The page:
ast year’s budget was aimed at reviving investment. But corporate India failed to deliver. The score of 10/10 for the budget failed to translate into an investment boom. And not surprisingly, among the most important reasons cited for low investment was the shortage of demand.
So this year Mr Sinha might do well to pin his hopes on India’s middle class. And, why not? If anything has prevented the US economy from slipping into an even deeper recession, it is consumer demand.
Since the monsoon failed to deliver the higher consumer demand that industry was hoping for, even if the finance minister is not particularly worried about the fate of the middle class, he would do well even to look at it as a tool to raise demand for industry. The two things that he might want to change are income tax and interest rates.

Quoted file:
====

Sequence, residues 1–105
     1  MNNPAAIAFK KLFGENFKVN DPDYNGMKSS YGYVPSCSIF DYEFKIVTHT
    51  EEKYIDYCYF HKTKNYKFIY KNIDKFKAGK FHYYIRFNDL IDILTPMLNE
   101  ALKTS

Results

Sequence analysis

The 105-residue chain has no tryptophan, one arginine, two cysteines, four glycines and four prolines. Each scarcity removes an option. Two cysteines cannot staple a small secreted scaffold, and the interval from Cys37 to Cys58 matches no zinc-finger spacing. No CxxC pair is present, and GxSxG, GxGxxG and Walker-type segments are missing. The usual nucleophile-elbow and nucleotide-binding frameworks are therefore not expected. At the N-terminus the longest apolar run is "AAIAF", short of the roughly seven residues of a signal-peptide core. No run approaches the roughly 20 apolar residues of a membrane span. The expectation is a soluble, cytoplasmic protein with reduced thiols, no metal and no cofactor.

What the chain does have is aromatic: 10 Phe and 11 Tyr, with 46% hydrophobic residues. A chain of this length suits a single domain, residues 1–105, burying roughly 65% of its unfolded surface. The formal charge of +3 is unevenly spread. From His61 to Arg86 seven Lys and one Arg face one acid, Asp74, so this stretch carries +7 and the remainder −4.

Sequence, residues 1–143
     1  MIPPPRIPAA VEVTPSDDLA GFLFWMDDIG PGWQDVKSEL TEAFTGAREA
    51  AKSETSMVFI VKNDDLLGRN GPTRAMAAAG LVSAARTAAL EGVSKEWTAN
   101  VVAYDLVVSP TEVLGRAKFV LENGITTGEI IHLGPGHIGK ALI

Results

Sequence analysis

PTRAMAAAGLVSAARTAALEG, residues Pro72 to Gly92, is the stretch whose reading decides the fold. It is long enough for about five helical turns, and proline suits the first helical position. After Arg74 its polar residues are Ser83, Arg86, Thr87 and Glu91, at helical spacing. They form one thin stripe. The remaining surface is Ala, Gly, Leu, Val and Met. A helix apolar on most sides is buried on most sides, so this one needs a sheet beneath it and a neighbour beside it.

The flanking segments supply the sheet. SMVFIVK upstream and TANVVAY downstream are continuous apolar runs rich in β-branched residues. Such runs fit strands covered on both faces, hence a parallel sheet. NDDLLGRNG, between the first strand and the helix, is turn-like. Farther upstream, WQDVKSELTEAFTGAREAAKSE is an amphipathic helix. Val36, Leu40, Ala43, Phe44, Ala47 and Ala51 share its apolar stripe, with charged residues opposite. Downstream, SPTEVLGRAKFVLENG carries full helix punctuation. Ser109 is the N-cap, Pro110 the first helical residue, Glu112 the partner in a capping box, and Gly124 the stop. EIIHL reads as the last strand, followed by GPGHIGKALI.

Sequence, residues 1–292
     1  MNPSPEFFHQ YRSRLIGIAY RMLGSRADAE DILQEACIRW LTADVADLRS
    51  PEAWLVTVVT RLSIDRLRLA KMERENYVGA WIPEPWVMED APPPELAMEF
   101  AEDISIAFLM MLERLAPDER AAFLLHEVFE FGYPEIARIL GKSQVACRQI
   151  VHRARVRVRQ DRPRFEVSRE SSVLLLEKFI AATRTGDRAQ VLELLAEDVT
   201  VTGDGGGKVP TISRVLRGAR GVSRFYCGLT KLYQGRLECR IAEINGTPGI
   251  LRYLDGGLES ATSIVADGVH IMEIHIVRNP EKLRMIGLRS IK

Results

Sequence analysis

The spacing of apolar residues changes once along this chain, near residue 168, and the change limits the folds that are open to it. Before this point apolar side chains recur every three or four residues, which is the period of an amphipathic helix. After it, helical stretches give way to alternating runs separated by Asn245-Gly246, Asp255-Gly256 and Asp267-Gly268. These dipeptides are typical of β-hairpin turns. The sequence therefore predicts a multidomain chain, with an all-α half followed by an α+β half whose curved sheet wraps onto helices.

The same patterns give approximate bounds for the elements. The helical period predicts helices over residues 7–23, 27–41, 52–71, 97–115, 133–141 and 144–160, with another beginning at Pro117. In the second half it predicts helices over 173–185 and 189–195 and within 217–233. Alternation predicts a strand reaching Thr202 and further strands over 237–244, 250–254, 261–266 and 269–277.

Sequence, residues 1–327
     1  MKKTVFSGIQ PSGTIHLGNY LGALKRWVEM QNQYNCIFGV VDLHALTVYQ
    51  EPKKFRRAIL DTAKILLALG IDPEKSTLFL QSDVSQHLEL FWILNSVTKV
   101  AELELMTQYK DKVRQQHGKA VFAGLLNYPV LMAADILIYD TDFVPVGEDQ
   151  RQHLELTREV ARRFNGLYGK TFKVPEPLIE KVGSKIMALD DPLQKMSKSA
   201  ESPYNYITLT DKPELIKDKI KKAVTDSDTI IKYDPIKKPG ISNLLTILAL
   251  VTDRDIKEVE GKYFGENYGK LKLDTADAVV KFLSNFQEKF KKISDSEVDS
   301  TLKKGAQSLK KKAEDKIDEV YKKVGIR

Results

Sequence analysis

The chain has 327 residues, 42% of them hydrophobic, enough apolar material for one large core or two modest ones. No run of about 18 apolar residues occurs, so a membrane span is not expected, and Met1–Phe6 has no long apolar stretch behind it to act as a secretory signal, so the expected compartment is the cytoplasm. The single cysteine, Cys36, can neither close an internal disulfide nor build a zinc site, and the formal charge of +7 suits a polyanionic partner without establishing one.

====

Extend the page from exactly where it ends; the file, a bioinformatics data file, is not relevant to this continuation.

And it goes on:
Reductions in income tax rates with a view to increasing income available for consumption spending may be desirable. But considering this year’s budget deficit it may be a little untimely to expect the finance minister to reduce I-T rates.
The need to reduce government spending on interest payments and the pressure from business to lower interest rates may mean Mr Sinha may cut interest rates on the Public Provident Fund again this year.
This will reduce interest income of households. But the growing availability of consumer loans means that this could be a boon for middle class households as well because it might also lower the cost of consumer loans.(The writer is Senior Fellow, ICRIER)